April 15th will mark the 65th anniversary of the great Jackie Robinson breaking the color barrier in baseball. His first week in MLB actually went rather uneventfully, but things turned ugly when he made his first appearance in Philly. His introduction to Philadelphia was his rudest in baseball, as vicious Phillies manager Ben Chapman had his entire team hurl racial epithets at Robinson relentlessly.
But the city has come a long way in the past 65 years (despite what the comment section of Philly.com might suggest), and the Phillies have as well. Not only are two of their African American players (Jimmy Rollins and Ryan Howard) two of the biggest stars in the city, but in the past several years the organization has gone out of its way to honor the Philadelphia Stars, the Negro League team that operated in Philadelphia from 1933-1952. On Sunday, the Phils will honor the last two surviving members of the Stars, Harold Gould and Mahlon Duckett, at the ballpark.
You can honor these living links to our city’s past as well, even if you don’t attend the game. At 10:30, there will be a Jackie Robinson tribute at 44th and Parkside, where there is a Negro League Memorial in Fairmount Park, and a Jackie Robinson brunch at LeCochon Noir (5070 Parkside). Not only will Robinson be honored, but the Stars will be as well. And 44th and Parkside isn’t just a random address; it was where the ballpark stood that the Stars called home from 1933-1947.
Of course, organized black baseball didn’t start in Philadelphia with the Stars. It started in the 1860s with the Pythian baseball club, organized by one of the most remarkable Philadelphians of all time, Octavius Catto. In 1902, a team called the Philadelphia Giants were born. In 1904, they signed the legendary Rube Foster, and in 1905 went an incredible 134-21. They would win 5 championships in the Eastern League in the 1900s, and played against the Philadelphia A’s numerous times in exhibitions. The Giants fizzled out in 1911 as their best players defected to other teams, and their ownership group split up.
Despite the break up of Philly’s most successful team, the popularity of black baseball in the city did not wane. By the 1920s, there were 30 Negro League teams in Philadelphia and the surrounding suburbs. A team in Darby, the Hilldale Club, proved to be immensely popular and played many of their games against all-white teams (Though pro baseball was not integrated in the 1920s, pro teams of blacks vs. pro teams of whites proved to be box office successes and fairly competitive matches, and thus were fairly routine.)
Most of those teams folded after the Great Depression began. But the Depression led to a stronger centralized league, the Negro National League, and against all odds the 1930s became the heyday of Negro League baseball, as stars such as Satchel Paige, Josh Gibson, and Cool Papa Bell gave the league a level of visibility and fan support black baseball had never seen before. The Philadelphia Stars joined the Negro National League just as Negro League baseball was in its prime, and despite some other Philly teams (such as the independent Bacharach Giants), they were the top draw in the city. In 1933, the Stars began play as an independent team, and in 1934 made it into the Negro National League.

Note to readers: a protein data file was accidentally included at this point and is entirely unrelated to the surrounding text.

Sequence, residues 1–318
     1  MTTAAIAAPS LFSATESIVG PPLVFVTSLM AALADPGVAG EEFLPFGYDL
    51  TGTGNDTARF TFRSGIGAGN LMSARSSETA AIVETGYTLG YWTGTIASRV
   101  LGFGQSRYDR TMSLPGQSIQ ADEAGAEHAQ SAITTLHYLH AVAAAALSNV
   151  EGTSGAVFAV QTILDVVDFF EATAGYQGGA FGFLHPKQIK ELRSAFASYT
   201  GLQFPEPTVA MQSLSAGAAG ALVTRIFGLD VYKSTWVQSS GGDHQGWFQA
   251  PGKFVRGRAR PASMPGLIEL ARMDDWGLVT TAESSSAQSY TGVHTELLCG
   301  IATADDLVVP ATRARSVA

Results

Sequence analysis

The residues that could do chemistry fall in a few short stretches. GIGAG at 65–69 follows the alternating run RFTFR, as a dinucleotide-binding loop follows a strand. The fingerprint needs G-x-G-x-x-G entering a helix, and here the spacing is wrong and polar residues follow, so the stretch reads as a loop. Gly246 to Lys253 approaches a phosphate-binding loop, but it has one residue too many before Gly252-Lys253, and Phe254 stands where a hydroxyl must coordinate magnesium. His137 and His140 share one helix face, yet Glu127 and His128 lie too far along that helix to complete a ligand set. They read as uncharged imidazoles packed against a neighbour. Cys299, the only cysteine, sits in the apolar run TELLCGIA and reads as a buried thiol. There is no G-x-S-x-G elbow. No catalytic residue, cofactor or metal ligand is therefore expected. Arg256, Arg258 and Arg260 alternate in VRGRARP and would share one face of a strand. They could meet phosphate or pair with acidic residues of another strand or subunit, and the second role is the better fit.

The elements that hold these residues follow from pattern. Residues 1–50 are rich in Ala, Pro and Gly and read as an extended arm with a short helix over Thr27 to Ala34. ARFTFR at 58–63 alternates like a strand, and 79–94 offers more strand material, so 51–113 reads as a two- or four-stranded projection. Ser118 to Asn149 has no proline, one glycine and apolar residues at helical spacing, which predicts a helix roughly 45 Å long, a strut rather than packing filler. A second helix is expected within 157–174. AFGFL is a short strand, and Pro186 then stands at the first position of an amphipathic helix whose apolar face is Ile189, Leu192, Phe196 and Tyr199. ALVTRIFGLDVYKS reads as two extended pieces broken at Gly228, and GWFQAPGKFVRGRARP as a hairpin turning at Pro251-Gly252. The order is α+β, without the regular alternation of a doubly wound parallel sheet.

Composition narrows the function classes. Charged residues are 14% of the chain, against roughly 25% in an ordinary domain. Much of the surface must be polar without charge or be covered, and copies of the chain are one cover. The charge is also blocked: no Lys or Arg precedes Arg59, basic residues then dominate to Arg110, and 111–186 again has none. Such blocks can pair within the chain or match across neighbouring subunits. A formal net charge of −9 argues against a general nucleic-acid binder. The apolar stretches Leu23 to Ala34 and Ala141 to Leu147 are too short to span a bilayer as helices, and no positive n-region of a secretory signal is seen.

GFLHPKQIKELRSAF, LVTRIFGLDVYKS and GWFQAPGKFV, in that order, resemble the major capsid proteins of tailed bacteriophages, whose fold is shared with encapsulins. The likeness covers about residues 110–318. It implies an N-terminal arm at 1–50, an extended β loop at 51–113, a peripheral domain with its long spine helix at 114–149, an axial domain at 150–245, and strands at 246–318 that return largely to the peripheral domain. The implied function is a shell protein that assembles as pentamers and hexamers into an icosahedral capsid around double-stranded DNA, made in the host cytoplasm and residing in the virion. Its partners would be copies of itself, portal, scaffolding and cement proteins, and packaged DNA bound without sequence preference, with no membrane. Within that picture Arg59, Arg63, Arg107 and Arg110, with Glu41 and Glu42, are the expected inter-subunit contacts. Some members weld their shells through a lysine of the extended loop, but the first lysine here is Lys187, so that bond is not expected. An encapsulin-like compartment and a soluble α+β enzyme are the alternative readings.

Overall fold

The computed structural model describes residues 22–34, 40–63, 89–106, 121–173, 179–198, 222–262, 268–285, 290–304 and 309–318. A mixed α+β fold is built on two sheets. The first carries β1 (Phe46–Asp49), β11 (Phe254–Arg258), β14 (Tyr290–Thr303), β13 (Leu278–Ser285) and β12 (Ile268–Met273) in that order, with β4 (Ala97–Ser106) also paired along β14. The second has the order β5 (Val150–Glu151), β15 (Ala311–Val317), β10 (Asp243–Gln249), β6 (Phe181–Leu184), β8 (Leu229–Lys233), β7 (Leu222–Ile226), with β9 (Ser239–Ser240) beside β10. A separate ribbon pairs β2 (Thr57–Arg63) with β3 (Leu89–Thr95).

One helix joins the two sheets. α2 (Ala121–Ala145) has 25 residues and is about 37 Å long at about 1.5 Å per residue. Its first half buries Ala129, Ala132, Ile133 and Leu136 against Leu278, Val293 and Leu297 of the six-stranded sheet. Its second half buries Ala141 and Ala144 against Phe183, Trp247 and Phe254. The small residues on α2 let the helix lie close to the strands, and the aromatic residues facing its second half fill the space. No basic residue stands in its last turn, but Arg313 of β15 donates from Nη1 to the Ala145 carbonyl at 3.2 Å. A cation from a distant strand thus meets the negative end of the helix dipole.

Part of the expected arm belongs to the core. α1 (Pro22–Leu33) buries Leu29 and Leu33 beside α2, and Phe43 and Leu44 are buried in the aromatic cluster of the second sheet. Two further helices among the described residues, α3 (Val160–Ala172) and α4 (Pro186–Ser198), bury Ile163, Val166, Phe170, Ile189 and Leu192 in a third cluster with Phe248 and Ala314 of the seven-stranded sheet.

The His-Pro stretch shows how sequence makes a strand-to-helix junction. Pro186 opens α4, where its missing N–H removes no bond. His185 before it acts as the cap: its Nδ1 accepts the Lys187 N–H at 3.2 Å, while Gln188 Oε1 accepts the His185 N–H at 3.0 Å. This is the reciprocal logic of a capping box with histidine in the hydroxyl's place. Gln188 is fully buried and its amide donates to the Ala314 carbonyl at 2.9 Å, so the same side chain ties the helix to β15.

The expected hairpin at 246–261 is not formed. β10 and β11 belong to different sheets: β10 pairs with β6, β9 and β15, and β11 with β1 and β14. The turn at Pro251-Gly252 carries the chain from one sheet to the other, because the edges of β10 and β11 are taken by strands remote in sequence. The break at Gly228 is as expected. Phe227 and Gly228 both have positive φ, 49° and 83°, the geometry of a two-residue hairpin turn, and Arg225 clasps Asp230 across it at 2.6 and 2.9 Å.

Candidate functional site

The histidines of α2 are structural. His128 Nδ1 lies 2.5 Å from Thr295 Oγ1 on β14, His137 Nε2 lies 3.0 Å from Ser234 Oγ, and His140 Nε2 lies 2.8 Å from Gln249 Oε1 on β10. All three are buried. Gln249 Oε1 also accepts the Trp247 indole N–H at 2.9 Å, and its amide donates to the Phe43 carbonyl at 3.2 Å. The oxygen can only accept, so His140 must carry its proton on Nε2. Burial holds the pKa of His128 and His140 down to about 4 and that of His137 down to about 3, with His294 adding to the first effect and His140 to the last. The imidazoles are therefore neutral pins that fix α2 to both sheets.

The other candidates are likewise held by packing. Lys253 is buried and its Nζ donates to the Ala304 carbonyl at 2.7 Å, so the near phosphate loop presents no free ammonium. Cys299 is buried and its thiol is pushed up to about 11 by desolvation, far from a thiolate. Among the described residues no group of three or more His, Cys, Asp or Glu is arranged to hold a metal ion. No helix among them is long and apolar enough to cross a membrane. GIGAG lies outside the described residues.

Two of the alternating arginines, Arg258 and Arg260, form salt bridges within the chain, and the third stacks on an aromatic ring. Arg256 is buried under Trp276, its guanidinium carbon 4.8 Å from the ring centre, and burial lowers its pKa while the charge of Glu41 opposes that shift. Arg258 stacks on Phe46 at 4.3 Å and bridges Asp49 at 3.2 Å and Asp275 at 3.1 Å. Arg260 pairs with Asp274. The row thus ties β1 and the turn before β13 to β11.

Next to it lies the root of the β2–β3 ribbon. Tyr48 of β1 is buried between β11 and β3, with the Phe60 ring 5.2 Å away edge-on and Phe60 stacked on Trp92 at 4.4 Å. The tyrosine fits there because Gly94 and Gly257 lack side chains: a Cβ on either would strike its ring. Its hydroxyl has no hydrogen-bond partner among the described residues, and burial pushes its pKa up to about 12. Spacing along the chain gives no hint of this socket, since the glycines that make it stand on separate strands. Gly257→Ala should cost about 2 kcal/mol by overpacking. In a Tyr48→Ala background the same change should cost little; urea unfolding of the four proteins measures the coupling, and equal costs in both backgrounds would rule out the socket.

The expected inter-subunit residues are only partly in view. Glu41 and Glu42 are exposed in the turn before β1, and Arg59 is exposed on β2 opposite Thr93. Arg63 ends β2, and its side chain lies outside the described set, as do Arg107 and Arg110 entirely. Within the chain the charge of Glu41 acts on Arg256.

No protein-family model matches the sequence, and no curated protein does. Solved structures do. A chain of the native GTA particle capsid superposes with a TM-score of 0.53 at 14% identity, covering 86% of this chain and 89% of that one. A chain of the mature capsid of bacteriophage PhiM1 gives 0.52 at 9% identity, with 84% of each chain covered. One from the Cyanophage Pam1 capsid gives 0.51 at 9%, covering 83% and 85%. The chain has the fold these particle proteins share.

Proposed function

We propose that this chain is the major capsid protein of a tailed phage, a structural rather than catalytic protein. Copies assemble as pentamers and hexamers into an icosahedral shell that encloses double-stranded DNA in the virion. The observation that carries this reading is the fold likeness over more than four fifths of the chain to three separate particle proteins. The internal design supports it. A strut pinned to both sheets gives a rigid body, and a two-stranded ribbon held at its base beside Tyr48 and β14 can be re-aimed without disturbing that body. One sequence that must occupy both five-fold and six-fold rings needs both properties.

In their inaugural year in the league, led by a 20-year old pitcher named Slim Jones, they defied the odds and won the Negro League championship in a thrilling (and highly controversial) championship series. At that time, the Stars played at Passon Field (48th and Spruce), which rather remarkably is the still the home of West Philadelphia High’s baseball team.
In 1936, the team moved to 44th and Parkside Ballpark, where they would play until 1947. The park had originally been constructed by the Pennsylvania Railroad for its YMCA team in 1906, and was built right next to the railway’s roundhouse. It was not a fun place to play.
As Stanley “Doc” Glenn, a catcher for the Stars who passed away in 2011, wrote in his autobiography, “Don’t Let Anyone Take Your Joy Away“: I used to hate to come to the ballpark at 44th and Parkside. It was filthy. Coal Powered trains used to pull in nearby…Smoke and soot used to waft right into the ballpark. Why, if you went outside with a white shirt on, 20 minutes later that shirt would turn black! Sometimes we even had to stop the games until the smoke blew away.
“Satchel Paige pitched here, Josh Gibson played here,” says Morris Levin, a small business consultant who has a fascination with old ballparks, and who helped organize Sunday’s event. “We all know the history of old Major League Stadiums but we haven’t done the same with the Negro League Ballparks because there weren’t as many accounts and photos. We want to make these guys, and their place in history, accessible.”
And so, on Sunday morning, at 44th and Parkside, there will be a gathering to honor both the field and the players who used to play there. There are only two Stars players still living, and one of them (Harold Gould) is expected to attend and be acknowledged. In a city that celebrates history, this will be a great way to pay homage an extremely vital part of our sports past.
Admission to the events is free, and will be followed by a brunch Le Cochon Noir where Temple Associate History Professor Rebecca Alpert will be speaking. After brunch, the 1864 Athletic Baseball Club of Philadelphia will play a game with 1860s rules, and all are invited to attend. For more info, go to the event’s facebook page.
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